Research Paper Volume 13, Issue 9 pp 13239—13263
Aging-related genes are potential prognostic biomarkers for patients with gliomas
- 1 Department of Neurosurgery, Xiangya Hospital, Central South University, Hunan, China
- 2 Department of Oncology, Xiangya Hospital, Central South University, Hunan, China
- 3 Department of Neurology, Hunan Aerospace Hospital, Changsha, Hunan, China
- 4 Department of Psychiatry, The Second People’s Hospital of Hunan Province, Hunan, China
- 5 The Hospital of Hunan University of Chinese Medicine, Hunan, China
- 6 National Clinical Research Center for Geriatric Disorders, Xiangya Hospital, Central South University, Hunan, China
Received: November 30, 2020 Accepted: March 4, 2021 Published: May 4, 2021https://doi.org/10.18632/aging.203008
How to Cite
Copyright: © 2021 Xiao et al. This is an open access article distributed under the terms of the Creative Commons Attribution License (CC BY 3.0), which permits unrestricted use, distribution, and reproduction in any medium, provided the original author and source are credited.
Aging has a significant role in the proliferation and development of cancers. This study explored the expression profiles, prognostic value, and potential roles of aging-related genes in gliomas. We designed risk score and cluster models based on aging-related genes and glioma cases using LASSO Cox regression analysis, consensus clustering analysis and univariate cox regression analyses. High risk score was related to malignant clinical features and poor prognosis based on 10 datasets, 2953 cases altogether. Genetic alterations analysis revealed that high risk scores were associated with genomic aberrations of aging-related oncogenes. GSVA analysis exhibited the potential function of the aging-related genes. More immune cell infiltration was found in high-risk group cases, and glioma patients in high-risk group may be more responsive to immunotherapy. Knock-down of CTSC, an aging-related gene, can inhibit cell cycle progression, colony formation, cell proliferation and increase cell senescence in glioma cell lines in vitro. Indeed, high expression of CTSC was associated with poor prognosis in glioma cases. In conclusion, this study revealed that aging-related genes have prognostic potential for glioma patients and further identified potential mechanisms for aging-related genes in tumorigenesis and progression in gliomas.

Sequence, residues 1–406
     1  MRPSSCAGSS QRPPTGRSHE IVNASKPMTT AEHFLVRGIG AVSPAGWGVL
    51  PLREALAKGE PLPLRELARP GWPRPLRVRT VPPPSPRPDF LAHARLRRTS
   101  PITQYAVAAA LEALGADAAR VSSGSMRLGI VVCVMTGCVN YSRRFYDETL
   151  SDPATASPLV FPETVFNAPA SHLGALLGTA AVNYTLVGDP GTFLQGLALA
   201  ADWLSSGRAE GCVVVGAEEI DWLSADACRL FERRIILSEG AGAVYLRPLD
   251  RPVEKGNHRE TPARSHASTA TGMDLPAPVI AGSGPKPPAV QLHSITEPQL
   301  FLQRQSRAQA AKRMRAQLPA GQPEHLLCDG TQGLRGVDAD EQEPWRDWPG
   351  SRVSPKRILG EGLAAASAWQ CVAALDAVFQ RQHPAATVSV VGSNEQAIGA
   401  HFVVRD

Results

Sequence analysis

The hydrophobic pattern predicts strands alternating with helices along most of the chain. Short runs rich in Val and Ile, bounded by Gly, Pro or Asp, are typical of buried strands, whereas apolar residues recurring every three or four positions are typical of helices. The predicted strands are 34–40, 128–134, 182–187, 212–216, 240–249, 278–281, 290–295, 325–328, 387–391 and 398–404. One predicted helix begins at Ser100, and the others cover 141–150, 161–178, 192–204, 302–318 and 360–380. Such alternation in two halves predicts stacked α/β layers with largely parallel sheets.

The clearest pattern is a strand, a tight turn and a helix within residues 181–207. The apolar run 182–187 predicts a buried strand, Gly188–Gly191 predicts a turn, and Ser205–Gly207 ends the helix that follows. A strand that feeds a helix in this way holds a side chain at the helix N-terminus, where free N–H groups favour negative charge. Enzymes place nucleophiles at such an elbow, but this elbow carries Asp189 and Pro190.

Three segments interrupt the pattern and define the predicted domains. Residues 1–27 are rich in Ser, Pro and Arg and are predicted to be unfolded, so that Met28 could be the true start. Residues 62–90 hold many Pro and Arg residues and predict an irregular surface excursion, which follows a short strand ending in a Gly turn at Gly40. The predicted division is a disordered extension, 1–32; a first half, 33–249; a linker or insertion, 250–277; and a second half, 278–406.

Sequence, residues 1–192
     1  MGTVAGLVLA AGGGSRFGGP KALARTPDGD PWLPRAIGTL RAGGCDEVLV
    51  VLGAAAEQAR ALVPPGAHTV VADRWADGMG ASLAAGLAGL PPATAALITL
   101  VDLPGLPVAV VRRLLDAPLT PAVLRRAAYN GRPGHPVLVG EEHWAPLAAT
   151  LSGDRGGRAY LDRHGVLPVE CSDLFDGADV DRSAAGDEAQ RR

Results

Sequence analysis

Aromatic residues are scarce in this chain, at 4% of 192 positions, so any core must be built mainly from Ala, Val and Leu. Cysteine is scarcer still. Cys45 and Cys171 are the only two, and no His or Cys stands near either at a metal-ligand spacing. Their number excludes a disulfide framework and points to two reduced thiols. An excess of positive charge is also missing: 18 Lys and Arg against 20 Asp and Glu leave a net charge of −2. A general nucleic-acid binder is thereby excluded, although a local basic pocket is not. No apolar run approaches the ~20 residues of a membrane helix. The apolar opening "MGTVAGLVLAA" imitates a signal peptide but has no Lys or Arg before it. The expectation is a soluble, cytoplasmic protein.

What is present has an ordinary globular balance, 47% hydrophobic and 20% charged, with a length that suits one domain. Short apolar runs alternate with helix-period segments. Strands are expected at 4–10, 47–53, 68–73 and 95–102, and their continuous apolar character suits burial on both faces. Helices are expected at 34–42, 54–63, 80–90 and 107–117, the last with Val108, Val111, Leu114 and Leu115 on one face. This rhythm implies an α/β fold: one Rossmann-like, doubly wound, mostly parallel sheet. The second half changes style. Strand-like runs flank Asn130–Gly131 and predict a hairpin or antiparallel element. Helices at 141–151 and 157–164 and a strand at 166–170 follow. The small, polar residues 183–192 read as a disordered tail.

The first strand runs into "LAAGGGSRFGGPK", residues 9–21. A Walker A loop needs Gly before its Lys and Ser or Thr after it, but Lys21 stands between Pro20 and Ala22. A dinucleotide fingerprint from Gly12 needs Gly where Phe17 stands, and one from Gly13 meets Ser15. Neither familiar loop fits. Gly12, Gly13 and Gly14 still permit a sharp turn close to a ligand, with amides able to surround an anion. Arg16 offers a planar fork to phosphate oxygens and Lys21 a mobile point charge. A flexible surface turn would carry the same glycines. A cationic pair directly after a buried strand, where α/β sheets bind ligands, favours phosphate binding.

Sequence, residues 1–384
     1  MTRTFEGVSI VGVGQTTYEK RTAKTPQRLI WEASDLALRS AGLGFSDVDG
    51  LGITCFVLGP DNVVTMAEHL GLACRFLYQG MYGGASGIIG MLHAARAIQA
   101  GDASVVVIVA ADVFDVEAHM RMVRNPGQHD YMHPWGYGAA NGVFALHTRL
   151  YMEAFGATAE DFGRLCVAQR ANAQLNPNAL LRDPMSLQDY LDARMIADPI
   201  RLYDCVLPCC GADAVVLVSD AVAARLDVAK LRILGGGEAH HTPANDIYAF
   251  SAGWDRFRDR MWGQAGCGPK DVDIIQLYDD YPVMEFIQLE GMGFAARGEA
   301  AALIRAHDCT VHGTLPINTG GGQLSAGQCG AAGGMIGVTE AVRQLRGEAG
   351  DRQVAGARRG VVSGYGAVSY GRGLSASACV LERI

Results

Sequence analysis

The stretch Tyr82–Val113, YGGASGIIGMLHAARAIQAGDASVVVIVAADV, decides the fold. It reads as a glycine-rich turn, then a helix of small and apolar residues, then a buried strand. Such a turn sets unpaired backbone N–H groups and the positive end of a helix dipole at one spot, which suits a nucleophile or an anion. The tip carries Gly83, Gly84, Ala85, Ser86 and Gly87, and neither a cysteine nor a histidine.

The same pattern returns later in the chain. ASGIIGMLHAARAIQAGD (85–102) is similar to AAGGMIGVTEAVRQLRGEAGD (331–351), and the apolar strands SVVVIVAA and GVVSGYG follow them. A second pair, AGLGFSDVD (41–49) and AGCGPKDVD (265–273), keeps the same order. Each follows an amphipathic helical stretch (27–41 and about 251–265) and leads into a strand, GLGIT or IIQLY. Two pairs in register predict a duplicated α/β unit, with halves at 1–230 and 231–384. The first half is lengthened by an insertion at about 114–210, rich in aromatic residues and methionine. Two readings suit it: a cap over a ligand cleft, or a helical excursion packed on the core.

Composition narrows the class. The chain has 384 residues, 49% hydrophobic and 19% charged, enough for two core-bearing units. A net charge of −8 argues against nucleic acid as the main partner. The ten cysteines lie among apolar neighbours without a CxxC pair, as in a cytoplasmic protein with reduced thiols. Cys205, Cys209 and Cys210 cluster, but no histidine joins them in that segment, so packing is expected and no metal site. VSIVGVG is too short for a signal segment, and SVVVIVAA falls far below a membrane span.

TCGA: the Cancer Genome Atlas; CGGA: the Chinese Glioma Genome Atlas; CNS: central nervous system; SCNAs: somatic copy number alternations; OS: Overall Survival; PFI: Progression Free Survival; DSS: Disease Free Survival; GBM: glioblastoma; LGG: Low-grade gliomas; PCA: Principal component analysis; PD: progressive disease; PR: partial response; SD: stable disease; CR: complete response.